He was a small man, wiry, and energetic. A big teaser, that’s how I remember Uncle Lewis, who was not my uncle at all but a long-time family friend. My mother babysat their daughters in the 1950s. She still remembers the day, in 1942, when he came by the house in his dress whites and squatted down to say goodbye to his then six-year-old friend.
John Lewis “Baby” Askew was on his way to war as a fighter pilot in the Vought F-4U Corsair. He served on the Essex Class Aircraft Carrier, USS Benjamin Franklin, the only US carrier to maneuver within 50 miles of the Japanese mainland during the war. And for that maneuver, she would pay a terrible price.
I knew none of that growing up. I just knew that Uncle Lewis was a “card,” as we used to say, who always had a twinkle in his eye and a stick of gum in his pocket. We were always welcome in him and Aunt Jessie’s home. No more so than the last time I saw him in 2003 when he opened up about his war for the first and only time.
“The Corsair had six fifty-caliber guns in the wings, and the two closest to the fuselage were bore-sighted down the centerline of the plane. They were the most accurate,” he explained.
“So, you used those first, right?” I asked.
“No! You saved those till you were returning to the ship and low on fuel when every shot had to count.”
I could have talked about the plane all day, but I remembered something about the Franklin that made me pause. “Were you on her when she was hit?”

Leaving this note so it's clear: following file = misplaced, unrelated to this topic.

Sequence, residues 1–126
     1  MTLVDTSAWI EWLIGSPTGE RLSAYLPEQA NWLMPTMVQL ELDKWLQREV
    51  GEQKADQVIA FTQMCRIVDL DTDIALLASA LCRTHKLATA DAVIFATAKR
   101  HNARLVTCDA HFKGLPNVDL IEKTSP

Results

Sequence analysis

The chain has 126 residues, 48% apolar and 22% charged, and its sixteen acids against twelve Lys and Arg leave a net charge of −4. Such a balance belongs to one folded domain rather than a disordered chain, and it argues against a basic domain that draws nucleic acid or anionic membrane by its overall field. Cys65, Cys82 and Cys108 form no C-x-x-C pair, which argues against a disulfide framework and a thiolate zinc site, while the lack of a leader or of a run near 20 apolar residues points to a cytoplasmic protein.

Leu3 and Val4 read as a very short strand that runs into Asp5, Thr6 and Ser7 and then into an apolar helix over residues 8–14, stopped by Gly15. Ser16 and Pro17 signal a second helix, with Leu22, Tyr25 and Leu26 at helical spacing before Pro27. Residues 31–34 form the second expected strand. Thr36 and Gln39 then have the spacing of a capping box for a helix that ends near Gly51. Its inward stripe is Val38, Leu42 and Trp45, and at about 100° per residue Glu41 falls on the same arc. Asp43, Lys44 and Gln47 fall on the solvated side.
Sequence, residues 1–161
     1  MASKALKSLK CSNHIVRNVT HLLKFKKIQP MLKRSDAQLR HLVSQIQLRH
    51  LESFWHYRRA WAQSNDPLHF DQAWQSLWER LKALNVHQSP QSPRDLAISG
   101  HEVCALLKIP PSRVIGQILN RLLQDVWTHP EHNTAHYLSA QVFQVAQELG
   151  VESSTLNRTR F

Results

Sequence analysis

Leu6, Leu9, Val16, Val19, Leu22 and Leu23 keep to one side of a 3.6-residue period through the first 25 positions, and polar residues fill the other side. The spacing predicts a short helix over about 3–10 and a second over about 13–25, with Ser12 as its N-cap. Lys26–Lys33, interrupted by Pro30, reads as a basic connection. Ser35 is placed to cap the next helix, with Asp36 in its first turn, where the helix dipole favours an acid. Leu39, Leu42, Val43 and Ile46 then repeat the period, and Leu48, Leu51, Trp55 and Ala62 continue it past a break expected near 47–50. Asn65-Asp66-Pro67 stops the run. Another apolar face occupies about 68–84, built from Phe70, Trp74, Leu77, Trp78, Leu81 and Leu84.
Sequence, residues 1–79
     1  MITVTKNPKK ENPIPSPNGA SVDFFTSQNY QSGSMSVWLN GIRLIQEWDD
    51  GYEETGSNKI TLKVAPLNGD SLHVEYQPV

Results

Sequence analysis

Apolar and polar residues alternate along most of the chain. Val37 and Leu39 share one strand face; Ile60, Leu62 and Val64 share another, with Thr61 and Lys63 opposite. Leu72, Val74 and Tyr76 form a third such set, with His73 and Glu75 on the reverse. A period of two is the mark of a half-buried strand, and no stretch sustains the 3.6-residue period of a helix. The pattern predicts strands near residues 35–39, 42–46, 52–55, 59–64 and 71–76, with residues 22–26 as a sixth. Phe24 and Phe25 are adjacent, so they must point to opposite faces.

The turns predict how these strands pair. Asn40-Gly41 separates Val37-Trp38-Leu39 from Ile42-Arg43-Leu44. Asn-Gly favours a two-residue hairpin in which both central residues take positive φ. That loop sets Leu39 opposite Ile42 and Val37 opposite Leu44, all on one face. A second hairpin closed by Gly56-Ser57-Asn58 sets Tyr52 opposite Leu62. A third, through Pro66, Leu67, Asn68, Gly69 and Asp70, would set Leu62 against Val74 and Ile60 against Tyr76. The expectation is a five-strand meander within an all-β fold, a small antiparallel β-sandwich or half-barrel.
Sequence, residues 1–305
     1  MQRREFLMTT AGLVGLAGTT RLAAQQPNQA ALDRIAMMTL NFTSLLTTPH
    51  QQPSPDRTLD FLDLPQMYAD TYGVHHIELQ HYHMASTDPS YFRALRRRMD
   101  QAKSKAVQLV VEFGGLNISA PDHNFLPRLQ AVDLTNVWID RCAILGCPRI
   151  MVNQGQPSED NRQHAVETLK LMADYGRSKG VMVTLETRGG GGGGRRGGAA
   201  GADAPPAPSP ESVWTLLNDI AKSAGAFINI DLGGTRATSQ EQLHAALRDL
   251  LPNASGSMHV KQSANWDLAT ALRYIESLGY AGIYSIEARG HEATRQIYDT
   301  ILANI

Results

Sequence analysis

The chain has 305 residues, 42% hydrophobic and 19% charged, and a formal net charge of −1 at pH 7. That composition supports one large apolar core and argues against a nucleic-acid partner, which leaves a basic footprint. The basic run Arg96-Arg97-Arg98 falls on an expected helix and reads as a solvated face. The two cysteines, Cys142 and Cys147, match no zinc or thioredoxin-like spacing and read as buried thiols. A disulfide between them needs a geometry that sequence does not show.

A faraway look came into his eyes, and he said, “Yes. We were preparing to launch, and I’d forgotten my side-arm. I went down to my quarters to get it and came back on deck when the bombs hit. My quarters were destroyed.”
Uncle Lewis could not describe what happened next on 19 March 1945, but Wikipedia reports:
“Just before dawn, a single Japanese aircraft approached Franklin without being detected by American forces. As Franklin was about halfway through launching a second wave of strike aircraft, the Japanese bomber pierced the cloud cover and dropped two 550 lb. semi-armor-piercing bombs before the ship’s anti-aircraft gunners could fire.
One bomb struck the flight deck centerline, penetrating to the hangar deck, causing destruction and igniting fires through the second and third decks, and knocking out the combat Information Center and air plot. The second hit aft, tearing through two decks. When she was struck, Franklin had 31 armed and fueled aircraft warming up on her flight deck, and these planes caught fire almost immediately. The 13 to 16 tons of high explosives aboard these planes soon began detonating progressively. The hangar deck contained planes, of which 16 were fueled, and five were armed. The forward gasoline system had been secured, but the aft system was operating. The explosion on the hangar deck ignited the fuel tanks on the aircraft, and a gasoline vapor explosion devastated the deck. The twelve “Tiny Tim” rockets aboard these planes ricocheted around the hangar deck until their 500 lb (230 kg) warheads detonated. Only two crewmen survived the fire.”
“I was evacuated with other surviving pilots to a destroyer that came alongside to assist, then took up station astern,” he said. “The Franklin crew saved the ship, just barely. But they ran out of body bags and had to start throwing the dead overboard. Seven hundred fifty shipmates (later records put it over 800). Watching those bodies float by was the worst thing I’ve ever seen.”
We sat quietly for a minute, and I finally said, “Thank you doesn’t seem like enough. But thank you.”
He just smiled and said, “Hey, do you know anything about Weedeaters? I’ve got one out in the shed that you can have if you can get it running.”
We lost Uncle Lewis in 2004. I wore that Weedeater out over the next ten years, and every time I cranked it, I thought about Uncle Lewis and the USS Benjamin Franklin.
Greater love has no man than this, that he lay down his life for his friends. John 15:13.